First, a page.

Yotam Mann edited this page Jul 7, 2016 · 3 revisions

This page describes the relationship between the AudioContext time and the Transport's Time.

Scheduling with AudioContext time

The AudioContext currentTime starts at 0 when the page is loaded and counts up in seconds. To schedule a sine wave to play for the first two seconds after a page loads you could do something like this:

var sine = new Tone.Oscillator(440, "sine").toMaster();
//start the oscillator at 0
//stop it at 2

On Click

Let's do the same thing, but instead we'll schedule the sine wave to play for two seconds after a button is pressed. We can no longer start at 0 and end at 2 like the above example, since by the time the button is pressed the AudioContext time is greater than 0. The solution is to get the current time of the AudioContext when the button was clicked and schedule relative to that time.

document.querySelector("#theButton").addEventListener("click", function(){
	//get the current time
	var now =;
	//schedule relative to 'now'
	sine.stop(now + 2);

Now say, instead of just a sine tone, we scheduled an entire song that plays when the button was clicked. You may want to jump ahead to a particular moment in the song, or go back to the beginning, or pause it for a moment. But, the AudioContext provides no way to seek or set the AudioContext time. It is always just counting upwards.


Tone.Transport provides an abstraction over the AudioContext time which allows you to start, stop and seek within the Transport's timeline. For example you could schedule a bunch of events along this timeline which can be started, stopped, paused, resumed, looped, jump to a specific moment, and even change the global tempo while keeping all those events synchronized.

Another Clock

Essentially, the Transport provides another clock that you can use to schedule events without thinking too much about what the current AudioContext time is. In the end, all Web Audio events need to be scheduled using the AudioContext time because this number is necessary for sample-accurate scheduling. Tone.js make it so that you rarely need to use the AudioContext's time directly.

Scheduling with TransportTime

If we wanted to play a short sine tone every 2 seconds indefinitely we might use Tone.Loop.

var loop = new Tone.Loop(function(time){
	sine.stop(time + 0.5);
}, 2);

One thing to notice here is that time is passed in as the first argument to the callback function. This time is the AudioContext time when the event should be scheduled. To make the duration a half-second, we schedule the stop 0.5 seconds after the passed in time just like the button-click example.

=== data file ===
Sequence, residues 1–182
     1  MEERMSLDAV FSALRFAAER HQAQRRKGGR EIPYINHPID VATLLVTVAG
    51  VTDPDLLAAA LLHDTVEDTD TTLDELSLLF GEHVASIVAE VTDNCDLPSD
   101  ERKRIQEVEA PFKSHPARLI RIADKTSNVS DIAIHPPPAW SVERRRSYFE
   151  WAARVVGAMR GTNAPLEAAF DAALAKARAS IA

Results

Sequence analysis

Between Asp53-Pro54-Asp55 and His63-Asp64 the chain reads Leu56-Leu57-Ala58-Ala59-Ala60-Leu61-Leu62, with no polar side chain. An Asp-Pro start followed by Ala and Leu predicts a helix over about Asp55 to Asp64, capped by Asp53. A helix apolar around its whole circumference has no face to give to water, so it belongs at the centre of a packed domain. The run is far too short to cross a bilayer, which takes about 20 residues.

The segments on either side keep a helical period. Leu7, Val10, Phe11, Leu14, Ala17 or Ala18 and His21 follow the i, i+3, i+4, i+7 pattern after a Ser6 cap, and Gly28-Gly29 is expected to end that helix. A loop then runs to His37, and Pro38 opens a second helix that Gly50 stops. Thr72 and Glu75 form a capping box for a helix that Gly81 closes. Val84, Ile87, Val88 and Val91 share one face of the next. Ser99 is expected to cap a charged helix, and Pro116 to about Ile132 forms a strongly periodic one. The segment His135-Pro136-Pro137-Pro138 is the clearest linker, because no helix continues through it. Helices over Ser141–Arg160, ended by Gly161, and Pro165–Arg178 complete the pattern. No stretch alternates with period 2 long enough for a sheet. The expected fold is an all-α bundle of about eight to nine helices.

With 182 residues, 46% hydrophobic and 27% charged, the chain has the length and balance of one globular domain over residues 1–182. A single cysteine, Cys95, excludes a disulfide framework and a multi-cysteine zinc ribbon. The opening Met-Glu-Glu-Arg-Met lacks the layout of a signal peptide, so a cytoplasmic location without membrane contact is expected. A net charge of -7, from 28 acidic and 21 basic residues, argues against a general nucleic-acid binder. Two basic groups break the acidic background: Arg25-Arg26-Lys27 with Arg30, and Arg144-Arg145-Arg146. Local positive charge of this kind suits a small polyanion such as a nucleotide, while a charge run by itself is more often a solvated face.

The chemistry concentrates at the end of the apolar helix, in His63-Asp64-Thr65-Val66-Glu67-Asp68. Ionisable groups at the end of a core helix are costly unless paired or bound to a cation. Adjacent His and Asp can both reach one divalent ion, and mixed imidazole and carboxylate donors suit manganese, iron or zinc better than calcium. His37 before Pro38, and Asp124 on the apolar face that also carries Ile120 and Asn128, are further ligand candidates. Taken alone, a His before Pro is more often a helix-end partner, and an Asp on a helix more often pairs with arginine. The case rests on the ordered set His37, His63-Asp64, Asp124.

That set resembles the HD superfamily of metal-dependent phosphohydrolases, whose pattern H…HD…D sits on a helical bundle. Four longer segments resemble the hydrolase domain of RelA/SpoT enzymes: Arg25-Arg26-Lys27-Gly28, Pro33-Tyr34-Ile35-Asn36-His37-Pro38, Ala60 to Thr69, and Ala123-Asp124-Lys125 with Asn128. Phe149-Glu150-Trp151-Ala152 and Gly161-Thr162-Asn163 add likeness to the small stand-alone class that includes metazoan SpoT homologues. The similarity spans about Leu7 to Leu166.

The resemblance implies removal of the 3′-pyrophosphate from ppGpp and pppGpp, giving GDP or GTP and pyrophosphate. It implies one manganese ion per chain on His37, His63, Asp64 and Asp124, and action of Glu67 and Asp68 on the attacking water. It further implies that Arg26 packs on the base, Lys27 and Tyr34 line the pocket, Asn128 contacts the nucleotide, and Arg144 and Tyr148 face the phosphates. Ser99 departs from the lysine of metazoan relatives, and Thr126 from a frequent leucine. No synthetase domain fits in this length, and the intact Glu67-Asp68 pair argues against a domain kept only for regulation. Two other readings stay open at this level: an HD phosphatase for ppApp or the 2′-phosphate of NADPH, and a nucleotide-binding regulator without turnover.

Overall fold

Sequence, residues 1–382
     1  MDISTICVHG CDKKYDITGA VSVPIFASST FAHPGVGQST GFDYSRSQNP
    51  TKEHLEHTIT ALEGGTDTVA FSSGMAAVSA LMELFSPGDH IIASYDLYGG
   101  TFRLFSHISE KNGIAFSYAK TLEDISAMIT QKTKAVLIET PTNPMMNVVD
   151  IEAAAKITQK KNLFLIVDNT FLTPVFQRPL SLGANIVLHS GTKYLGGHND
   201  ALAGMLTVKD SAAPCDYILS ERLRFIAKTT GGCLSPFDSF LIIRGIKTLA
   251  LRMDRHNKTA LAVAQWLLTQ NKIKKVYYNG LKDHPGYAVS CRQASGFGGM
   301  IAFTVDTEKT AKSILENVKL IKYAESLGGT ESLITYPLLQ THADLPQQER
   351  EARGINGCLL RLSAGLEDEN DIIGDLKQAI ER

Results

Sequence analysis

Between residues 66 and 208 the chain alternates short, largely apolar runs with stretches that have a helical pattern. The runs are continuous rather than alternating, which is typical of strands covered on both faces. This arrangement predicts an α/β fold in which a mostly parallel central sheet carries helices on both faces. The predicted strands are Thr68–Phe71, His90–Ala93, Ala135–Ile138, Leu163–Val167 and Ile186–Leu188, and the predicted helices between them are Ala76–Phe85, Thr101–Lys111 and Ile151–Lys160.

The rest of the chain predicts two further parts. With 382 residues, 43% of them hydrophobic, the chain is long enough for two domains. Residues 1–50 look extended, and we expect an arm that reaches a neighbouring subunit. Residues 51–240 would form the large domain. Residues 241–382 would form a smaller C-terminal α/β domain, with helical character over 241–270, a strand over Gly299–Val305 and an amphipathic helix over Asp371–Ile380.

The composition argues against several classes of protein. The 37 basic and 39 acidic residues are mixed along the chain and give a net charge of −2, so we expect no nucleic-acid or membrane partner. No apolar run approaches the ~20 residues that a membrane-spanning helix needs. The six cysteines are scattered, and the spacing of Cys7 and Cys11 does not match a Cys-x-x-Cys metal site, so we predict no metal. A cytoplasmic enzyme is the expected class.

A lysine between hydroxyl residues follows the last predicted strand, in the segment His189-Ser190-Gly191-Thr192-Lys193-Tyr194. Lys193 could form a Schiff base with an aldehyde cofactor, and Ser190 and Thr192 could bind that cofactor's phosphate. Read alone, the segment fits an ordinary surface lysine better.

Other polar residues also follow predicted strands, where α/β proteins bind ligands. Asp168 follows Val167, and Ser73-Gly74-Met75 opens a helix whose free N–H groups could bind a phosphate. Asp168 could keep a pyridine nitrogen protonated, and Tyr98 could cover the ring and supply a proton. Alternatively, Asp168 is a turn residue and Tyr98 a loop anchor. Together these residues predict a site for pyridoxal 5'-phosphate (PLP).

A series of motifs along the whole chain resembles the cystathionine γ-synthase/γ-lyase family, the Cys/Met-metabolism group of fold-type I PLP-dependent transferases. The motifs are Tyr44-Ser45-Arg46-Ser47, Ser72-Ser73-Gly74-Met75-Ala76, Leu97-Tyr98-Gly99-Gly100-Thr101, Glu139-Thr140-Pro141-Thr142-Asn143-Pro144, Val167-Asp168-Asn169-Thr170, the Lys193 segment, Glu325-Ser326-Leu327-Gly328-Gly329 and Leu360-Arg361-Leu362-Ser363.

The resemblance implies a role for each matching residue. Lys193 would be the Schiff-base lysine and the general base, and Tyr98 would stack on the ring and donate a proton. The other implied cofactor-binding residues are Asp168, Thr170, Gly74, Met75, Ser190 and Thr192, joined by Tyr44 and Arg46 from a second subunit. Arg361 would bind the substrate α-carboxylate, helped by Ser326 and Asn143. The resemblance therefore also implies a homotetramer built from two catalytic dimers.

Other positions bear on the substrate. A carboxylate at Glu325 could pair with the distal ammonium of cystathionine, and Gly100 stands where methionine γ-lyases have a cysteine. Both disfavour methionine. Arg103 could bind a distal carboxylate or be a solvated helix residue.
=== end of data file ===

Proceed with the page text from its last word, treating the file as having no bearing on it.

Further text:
The loop we scheduled will not play until started. Tone.Loop and all classes which extend Tone.Event are scheduled with time values relative to the Transport time (and not the AudioContext time like the examples above). In the documentation this Transport timeline-relative positioning is called TransportTime. TransportTime has all the same tempo-relative encodings as Time, but the event is scheduled against a specific position along the Transport.

So we may want to schedule this loop to start from the beginning of the Transport (time = 0).


But even once we call start on the loop, our Transport has not been started yet, we must start the Transport in order to hear the loop start.


Unlike the Tone.Event classes, Tone.Transport.start takes the AudioContext time as the argument and not the TransportTime. No argument evaluates to the currentTime of the AudioContext. No arguments for the start parameter of Tone.Event classes evaluates to the current position of the Transport.


We've got many things that are being started and stopped in the loop example. Here's a similar snippet of code with a timeline showing when each of the events are invoked.

function loopCallback(time){
var loop = new Tone.Loop(loopCallback, 2);

function eventCallback(time){
var event = new Tone.Event(eventCallback).start(3);

//start the Transport 2 seconds after the page loads
//stop it and restart it

Timeline of Transport on AudioContext time

The Time Argument

The reason time is passed into the callback function is because the function does not actually fire precisely at the scheduled time; instead it is invoked slightly before the scheduled time. The small amount of time between the callback being invoked and the time passed into the callback function is called the lookAhead, and it's how we schedule sample-accurate events just in time.


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